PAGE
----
Scientist finds telltale noise in altered photos

Jun 26, 2012
At left, doctored photo of Tiger Woods and a flamingo as a golf club; at right, the exposing of differences in noise variance between Woods (low) and flamingo (high) elements.

(Phys.org) -- University at Albany Computer Scientist Siwei Lyu and colleagues, working in partnership with the New York State Center for Information Forensics and Assurance (CIFA), have identified a new method using “noise” to authenticate digital photography. The research is supported by a grant from the National Science Foundation (NSF).

The team presented its findings for exposing splicing by measuring "noise" levels discerning discrepancies in photos at the IEEE International Conference on Computational Photography.

"Whenever a photo is manipulated digitally, the underlying characteristics of the image pixels are disturbed in a way that they become unnatural,” Lyu explains. “Though human eyes may not be able to detect such subtle changes, they can be readily picked up by computer algorithms. The techniques developed aim to make sure that more significant manipulations can be detected."

Noise, the digital equivalent of film grain, exists in all digital photography, and is generally invisible to the human eye. Numerous factors during and after a photo is taken introduce noise, such as temperature and thermal conditions, sensor saturation, quantization, compression, and transmission. While an unaltered image is expected to have uniform noise strength across all pixels, inconsistencies in noise variances in altered photos become telltale evidence of tampering.

Using statistical and computational analysis, Lyu's team developed techniques that effectively measure strength across a photo to determine which parts of the photo originated from different sources.

According to Lyu, the method is advantageous in that it does not explicitly rely on the knowledge of image format, camera model, or tampering procedure, and has a high level of detection accuracy.

The past decade has witnessed significant advances in digital image processing and computational photography, resulting in sophisticated image-editing software systems such as Adobe Photoshop and GNU Image Manipulation Program. Yet the ease of digital image manipulation has also posed new challenges, with digital images becoming more vulnerable than their non-digital counterparts to malicious tampering.

"Collectively," Lyu said, "the digital image community aims to provide a series of tools that can significantly limit the extent of undetectable manipulations, or increase the real cost, in terms of time and technical sophistication, of making a believable forgery."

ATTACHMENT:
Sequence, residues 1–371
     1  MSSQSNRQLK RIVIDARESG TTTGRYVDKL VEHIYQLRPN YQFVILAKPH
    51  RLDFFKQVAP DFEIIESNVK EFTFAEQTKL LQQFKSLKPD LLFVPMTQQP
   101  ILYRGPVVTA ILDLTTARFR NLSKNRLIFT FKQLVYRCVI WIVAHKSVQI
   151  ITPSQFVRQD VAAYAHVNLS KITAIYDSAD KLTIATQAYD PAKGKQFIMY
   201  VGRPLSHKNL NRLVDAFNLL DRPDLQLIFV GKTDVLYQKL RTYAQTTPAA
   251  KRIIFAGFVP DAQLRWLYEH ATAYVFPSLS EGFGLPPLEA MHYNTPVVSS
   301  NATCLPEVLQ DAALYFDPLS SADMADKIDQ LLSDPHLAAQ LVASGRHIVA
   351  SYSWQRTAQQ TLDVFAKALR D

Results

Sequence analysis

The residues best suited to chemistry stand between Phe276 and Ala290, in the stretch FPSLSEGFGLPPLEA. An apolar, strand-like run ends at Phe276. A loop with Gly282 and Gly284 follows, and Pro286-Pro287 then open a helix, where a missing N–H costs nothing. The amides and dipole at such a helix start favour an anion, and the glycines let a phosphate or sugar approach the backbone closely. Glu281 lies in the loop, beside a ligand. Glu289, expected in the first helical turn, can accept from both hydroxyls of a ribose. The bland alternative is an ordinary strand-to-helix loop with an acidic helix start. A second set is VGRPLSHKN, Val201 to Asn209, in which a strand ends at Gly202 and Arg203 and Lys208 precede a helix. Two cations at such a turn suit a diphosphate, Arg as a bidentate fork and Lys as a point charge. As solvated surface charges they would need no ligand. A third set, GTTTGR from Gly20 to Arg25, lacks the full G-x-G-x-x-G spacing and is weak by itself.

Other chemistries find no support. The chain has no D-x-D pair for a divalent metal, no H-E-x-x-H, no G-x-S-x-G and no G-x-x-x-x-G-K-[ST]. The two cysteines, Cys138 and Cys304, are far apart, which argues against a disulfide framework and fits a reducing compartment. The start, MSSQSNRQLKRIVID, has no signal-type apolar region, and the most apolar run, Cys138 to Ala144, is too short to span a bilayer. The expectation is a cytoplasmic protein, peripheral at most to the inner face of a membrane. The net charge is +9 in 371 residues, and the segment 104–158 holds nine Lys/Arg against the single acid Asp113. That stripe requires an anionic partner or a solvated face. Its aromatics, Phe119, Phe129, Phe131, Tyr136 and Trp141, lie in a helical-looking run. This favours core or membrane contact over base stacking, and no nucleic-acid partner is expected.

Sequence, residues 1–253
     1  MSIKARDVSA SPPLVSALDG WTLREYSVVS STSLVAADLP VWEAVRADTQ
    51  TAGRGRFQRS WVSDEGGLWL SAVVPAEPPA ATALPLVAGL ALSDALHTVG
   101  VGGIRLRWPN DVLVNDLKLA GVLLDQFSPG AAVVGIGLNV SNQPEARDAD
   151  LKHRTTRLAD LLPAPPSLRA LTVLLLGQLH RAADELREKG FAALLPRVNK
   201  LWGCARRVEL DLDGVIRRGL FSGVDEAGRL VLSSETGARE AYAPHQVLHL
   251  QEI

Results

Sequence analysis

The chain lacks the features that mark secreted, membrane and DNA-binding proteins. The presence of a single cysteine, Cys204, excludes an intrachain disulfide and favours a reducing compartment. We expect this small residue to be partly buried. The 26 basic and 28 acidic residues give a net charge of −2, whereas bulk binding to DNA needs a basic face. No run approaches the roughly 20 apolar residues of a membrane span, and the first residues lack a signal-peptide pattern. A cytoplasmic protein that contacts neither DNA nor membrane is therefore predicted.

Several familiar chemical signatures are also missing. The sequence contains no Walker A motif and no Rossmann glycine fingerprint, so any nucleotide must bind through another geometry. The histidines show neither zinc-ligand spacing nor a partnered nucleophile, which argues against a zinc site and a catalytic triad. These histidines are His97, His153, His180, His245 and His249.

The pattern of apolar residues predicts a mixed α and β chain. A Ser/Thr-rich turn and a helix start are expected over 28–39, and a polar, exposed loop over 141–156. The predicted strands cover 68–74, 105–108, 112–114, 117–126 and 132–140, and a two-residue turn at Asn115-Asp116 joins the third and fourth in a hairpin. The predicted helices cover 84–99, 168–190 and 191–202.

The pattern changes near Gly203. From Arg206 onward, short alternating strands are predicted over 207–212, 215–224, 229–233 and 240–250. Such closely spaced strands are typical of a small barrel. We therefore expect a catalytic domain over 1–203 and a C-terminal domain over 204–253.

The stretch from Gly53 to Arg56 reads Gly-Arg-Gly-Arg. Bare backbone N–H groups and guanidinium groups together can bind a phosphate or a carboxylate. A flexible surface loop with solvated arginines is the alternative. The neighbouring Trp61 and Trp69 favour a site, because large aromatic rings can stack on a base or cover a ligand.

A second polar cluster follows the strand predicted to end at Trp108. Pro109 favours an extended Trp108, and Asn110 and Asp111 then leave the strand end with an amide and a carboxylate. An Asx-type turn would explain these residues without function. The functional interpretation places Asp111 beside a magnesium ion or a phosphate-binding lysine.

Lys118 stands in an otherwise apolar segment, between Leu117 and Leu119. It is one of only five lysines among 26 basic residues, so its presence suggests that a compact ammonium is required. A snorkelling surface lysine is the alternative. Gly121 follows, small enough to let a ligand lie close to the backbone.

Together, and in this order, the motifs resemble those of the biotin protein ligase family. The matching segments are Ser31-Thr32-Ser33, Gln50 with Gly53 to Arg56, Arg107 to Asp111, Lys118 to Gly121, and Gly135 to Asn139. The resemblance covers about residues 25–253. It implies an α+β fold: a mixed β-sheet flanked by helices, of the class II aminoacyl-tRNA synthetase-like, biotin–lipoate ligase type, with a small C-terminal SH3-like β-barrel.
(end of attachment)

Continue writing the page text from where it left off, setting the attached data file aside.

Explore further: Coping with floods—of water and data

More information: www.albany.edu/main/lyu-iccp.shtml , research.microsoft.com/en-us/u… ond/events/iccp2012/

add to favorites email to friend print save as pdf

Related Stories

Investigating Digital Images; What's real and what's phony?

Jul 01, 2004

''Seeing is no longer believing. Actually, what you see is largely irrelevant,'' says Dartmouth Professor Hany Farid. He is referring to the digital images that appear everywhere: in newspapers, on Web sites, in advertising, ...

Reversible watermarking for digital images

Jul 06, 2010

Every picture tells a story, but how do you know that a digital photo has not been manipulated to change the tale being told? A new approach to adding an encrypted watermark to digital images allows the an image to be validated ...

Recommended for you

Coping with floods—of water and data

4 hours ago

Halloween 2013 brought real terror to an Austin, Texas, neighborhood, when a flash flood killed four residents and damaged roughly 1,200 homes. Following torrential rains, Onion Creek swept over its banks and inundated the ...

Cloud computing helps make sense of cloud forests

Dec 17, 2014

The forests that surround Campos do Jordao are among the foggiest places on Earth. With a canopy shrouded in mist much of time, these are the renowned cloud forests of the Brazilian state of São Paulo. It is here that researchers ...

User comments : 0

Please sign in to add a comment. Registration is free, and takes less than a minute. Read more

Click here to reset your password.
Sign in to get notified via email when new comments are made.